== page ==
Vance

Gyroplane CFI
Joined
Oct 30, 2003
Messages
16,209
Location
Nipomo,California
Aircraft
Givens Predator
Total Flight Time
2400+ in rotorcraft
Vance, I read your statement as you wouldn't train Any U/L pilots, instead of reading it as you won't train any people that have non compliant part 103 gyros, My mistake.
Your insistence on inspecting and flying your students craft is above and beyond my experience with instructors. That coupled with your own syllabus for those not seeking a rating sets a high bar for other instructors!
You are still not quite there John. I have and will train people with non compliant part 103 gyroplanes.
I can't legally fly a non-compliant part 103 gyroplane to find out how she flies so I can only guess how to transition the client into it. They can't fly it at the Santa Maria Public airport so I can’t watch and debrief.

What I have done in the past is to brief and debrief on the telephone.

If they are a certificated pilot of any kind all their ratings are at risk.
 

Jazzenjohn

Gold Supporter
Joined
Oct 9, 2004
Messages
2,827
Location
Milan Mich.
Aircraft
Gyrobee, My design
Total Flight Time
350
I have talked to many people who have purchased a legacy ultralight only to find that I can not train them at my airport because it does not meet the limitations of part 103 and all my ratings are at stake if I fly an illegal aircraft.
You can and do train Ultralight pilots, but you cannot test fly their aircraft nor recommend they fly it themselves if it is not in compliance. Is that correct now Vance?
 

Vance

Gyroplane CFI
Joined
Oct 30, 2003
Messages
16,209
Location
Nipomo,California
Aircraft
Givens Predator
Total Flight Time
2400+ in rotorcraft
You can and do train Ultralight pilots, but you cannot test fly their aircraft nor recommend they fly it themselves if it is not in compliance. Is that correct now Vance?
That is perfect John!
 

Welder

Newbie
Joined
Aug 11, 2019
Messages
84
Location
Grand Rivers, Ky
Wow Mr. Beaty

Now thats an offer I can't refuse. I will send you a private message including my contact info.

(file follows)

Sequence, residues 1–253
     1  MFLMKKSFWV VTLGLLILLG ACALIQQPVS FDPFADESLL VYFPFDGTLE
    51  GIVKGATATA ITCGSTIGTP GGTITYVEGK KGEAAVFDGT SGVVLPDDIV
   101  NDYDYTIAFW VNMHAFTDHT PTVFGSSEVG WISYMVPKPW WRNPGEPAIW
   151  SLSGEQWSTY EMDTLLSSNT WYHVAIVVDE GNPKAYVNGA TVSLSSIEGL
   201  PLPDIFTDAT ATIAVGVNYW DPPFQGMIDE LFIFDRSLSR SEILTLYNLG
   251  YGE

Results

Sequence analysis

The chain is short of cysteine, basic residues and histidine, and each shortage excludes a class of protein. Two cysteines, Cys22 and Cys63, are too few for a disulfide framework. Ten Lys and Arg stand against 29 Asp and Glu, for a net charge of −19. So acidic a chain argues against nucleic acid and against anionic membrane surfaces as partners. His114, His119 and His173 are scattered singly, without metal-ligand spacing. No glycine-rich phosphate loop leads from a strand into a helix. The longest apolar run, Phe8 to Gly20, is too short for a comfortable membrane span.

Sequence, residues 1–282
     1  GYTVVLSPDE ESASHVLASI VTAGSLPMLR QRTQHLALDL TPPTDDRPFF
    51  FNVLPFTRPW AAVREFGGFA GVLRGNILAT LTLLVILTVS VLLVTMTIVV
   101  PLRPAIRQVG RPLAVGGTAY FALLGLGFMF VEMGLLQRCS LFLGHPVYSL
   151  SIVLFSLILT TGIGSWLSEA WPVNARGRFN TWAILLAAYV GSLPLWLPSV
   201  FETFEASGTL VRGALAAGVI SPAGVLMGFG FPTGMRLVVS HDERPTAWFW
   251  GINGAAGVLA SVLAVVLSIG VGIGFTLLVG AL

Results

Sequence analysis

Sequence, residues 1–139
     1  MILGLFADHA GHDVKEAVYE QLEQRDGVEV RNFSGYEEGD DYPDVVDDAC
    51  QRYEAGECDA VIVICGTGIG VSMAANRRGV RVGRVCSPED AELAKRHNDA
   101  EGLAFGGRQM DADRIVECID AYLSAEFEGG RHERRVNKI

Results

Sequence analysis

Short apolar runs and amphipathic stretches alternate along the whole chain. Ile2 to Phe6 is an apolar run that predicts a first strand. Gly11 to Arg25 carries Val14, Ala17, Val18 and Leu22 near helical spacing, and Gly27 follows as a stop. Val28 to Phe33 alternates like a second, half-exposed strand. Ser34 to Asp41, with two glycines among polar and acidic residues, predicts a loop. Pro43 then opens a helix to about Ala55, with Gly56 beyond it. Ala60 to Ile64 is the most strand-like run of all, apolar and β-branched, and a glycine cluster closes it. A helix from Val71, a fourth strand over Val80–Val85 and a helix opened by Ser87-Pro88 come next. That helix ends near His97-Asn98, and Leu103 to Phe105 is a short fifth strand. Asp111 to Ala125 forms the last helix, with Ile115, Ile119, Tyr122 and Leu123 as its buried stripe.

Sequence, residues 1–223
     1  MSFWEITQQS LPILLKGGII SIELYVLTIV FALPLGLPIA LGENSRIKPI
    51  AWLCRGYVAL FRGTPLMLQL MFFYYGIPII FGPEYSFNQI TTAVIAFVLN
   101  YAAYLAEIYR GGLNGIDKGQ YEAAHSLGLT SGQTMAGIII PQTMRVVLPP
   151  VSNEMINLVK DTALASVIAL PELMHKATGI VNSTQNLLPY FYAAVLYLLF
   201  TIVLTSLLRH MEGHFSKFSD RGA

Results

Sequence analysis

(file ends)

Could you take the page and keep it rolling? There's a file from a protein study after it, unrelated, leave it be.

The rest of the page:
In turn, I will try to post them here on this form as well as the other one for all to enjoy.

I will care for the manuals, due respect for the author you know, I am old enough to know to respect my elders.

I didn't mean to stir up trouble, and want all prospective pilots to receive training.

My specific problem, that the Professional Road Racer pointed out, is the specific aircraft that I am going to build has just been designed!

To my knowledge, zero copies have been built. This California joker is all over me, stepping on JonSu's thread. Really?

Some folks just can't get a grip. (weak forearms)
 

Jazzenjohn

Gold Supporter
Joined
Oct 9, 2004
Messages
2,827
Location
Milan Mich.
Aircraft
Gyrobee, My design
Total Flight Time
350
You are under the ultralight gyroplane limitations thread not the JonSu thread Welder, and this thread was started by Vance himself. I don't think he's out of bounds or off topic to be writing his posts here, in fact, I suspect he started this thread because he Didn't want to be off topic or take over JonSu's thread. I understand you don't agree, but the world is a better and more interesting place for it having different opinions.
The Bensen training manual is valuable on its own. As I read it, It is more than just a training manual, it is also a testing protocol for the gyro itself. After you built the gyro, you needed to see if it was built correctly and was structurally sound as well as learning to control it. Following the protocol, or at least an abbreviated portion of it would be a reasonable testing protocol for any newly built gyro, even for an already trained gyro pilot.
I still believe dual training is the only sensible course of action by cost/ benefit, by risk/reward, and by self preservation.
 
Top